The Diverse World of UK Birds

To celebrate the Year of the Bird, each week we’ll highlight the amazing diversity of UK birdlife with a bird of the week. Its call sounds like an excited dog and it journeys from Siberia – meet the Berwick's swan.

By Kieren Puffett
photographs by
Published 8 Jan 2018, 09:16 GMT
Berwick's swans
Berwick's swans have unique yellow and black beak patterns that can help identify each swan.
Photograph by

Two species of swan come to the UK each winter: whooper swans migrate from Iceland and Bewick’s swans make the journey from Siberia. Bewick’s swans arrive in the UK in mid-October and are the smallest swans to visit Britain. 7,000 Bewick’s swans spend the winter here in our comparatively warm climate, before departing in March.

Adult Bewick’s swans are white all over and young birds are grey with a pinkish bill. Bewick's have yellow and black beaks and studies have shown that these yellow and black beak patterns are unique to each swan and can be used to them tell apart. Their call is reminiscent of an excited dog.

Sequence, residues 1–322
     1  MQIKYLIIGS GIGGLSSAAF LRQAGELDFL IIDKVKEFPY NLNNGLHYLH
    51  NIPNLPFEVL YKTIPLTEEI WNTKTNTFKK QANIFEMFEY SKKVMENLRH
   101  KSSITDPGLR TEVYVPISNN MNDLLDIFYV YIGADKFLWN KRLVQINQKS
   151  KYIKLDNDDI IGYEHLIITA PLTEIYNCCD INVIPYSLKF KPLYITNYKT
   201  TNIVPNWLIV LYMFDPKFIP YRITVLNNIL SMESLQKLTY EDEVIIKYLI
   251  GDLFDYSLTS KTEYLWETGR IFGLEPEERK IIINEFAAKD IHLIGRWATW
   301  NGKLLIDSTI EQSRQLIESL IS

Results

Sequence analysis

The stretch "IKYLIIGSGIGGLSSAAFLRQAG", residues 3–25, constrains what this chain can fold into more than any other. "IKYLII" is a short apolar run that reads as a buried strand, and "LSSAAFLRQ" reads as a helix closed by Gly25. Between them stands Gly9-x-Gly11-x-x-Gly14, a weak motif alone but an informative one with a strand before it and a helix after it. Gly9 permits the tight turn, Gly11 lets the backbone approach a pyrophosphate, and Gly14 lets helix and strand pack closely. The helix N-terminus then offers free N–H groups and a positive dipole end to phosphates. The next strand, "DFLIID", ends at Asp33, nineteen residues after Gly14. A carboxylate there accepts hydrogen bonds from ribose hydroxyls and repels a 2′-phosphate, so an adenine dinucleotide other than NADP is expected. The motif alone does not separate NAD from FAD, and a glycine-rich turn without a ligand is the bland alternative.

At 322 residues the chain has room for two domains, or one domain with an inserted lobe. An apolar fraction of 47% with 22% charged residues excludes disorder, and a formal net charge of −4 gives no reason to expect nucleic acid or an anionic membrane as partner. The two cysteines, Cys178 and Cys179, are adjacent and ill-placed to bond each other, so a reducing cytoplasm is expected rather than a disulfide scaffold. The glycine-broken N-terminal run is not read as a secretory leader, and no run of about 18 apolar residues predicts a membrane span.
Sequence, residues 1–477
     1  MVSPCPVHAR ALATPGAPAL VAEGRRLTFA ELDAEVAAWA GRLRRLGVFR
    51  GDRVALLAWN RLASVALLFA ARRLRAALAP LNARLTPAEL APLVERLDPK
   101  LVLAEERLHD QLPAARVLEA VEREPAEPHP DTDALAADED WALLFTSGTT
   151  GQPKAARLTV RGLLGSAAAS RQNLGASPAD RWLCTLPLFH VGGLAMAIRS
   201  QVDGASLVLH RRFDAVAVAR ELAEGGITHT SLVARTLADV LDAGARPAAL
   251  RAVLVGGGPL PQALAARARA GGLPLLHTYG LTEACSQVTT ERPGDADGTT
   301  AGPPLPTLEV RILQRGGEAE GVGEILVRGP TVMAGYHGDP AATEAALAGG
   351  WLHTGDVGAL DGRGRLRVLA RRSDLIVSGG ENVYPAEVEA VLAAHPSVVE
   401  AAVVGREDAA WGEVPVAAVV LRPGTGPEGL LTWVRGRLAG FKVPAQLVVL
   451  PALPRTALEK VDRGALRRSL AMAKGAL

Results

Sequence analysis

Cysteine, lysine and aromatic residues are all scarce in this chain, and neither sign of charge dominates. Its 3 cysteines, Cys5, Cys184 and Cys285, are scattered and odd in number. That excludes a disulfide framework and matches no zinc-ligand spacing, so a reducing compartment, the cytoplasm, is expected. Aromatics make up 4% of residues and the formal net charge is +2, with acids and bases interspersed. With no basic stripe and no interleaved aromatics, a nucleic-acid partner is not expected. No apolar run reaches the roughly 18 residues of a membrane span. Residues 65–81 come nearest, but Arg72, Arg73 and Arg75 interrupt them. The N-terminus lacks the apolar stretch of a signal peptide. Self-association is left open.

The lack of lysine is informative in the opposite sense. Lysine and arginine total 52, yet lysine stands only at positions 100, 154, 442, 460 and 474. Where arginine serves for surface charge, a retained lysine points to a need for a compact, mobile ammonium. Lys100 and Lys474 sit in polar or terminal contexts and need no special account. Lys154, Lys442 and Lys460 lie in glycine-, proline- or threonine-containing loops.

In the UK, Bewick's swans feed in fields on leftover potatoes and grain. On their breeding grounds they eat aquatic plants and grass.

Did you know?

Berwick's swans come to the UK each winter from Siberia.
Photograph by

Bewick’s swans are named after the illustrator Thomas Bewick who died in 1828 and produced many fine drawings of this species during his lifetime.

Bewick’s swans are found mainly in eastern England, around the Severn estuary and in Lancashire. The Ouse and Nene Washes (Cambridgeshire), Martin Mere (Lancashire) and Slimbridge (Gloucestershire) are good places to see Bewick’s swans.

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